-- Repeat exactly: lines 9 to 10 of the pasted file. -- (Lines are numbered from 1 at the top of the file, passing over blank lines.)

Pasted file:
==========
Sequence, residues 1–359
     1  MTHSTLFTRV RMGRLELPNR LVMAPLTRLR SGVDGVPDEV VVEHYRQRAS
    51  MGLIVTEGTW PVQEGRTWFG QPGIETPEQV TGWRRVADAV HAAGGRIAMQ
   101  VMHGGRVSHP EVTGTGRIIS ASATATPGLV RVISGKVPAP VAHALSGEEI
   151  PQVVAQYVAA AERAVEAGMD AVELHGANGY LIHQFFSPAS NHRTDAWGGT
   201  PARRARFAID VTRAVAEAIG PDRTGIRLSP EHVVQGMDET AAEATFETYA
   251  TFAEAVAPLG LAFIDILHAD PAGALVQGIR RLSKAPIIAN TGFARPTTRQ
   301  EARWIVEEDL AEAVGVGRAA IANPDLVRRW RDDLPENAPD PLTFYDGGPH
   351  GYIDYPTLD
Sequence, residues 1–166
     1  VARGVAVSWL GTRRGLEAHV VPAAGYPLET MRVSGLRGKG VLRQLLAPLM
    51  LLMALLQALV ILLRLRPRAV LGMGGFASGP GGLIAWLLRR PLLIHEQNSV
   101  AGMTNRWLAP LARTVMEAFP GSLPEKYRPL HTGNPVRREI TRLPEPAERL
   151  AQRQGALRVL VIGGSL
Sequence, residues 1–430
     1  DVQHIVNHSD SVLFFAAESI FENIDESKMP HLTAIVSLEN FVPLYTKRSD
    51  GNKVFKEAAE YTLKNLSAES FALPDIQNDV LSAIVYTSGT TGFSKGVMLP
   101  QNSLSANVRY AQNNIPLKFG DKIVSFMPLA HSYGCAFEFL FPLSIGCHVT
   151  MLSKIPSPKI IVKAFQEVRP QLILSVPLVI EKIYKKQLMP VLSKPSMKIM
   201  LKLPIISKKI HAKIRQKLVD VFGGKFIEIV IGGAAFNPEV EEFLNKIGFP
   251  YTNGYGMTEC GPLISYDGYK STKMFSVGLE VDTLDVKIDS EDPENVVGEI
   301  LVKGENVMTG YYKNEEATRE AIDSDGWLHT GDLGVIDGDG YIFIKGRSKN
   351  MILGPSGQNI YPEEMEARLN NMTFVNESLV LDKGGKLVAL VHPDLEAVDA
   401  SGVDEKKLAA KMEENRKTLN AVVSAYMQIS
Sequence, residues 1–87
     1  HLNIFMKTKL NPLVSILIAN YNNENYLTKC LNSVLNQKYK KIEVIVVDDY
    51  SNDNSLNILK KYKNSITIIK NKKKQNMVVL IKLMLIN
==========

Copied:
   351  GYIDYPTLD
Sequence, residues 1–166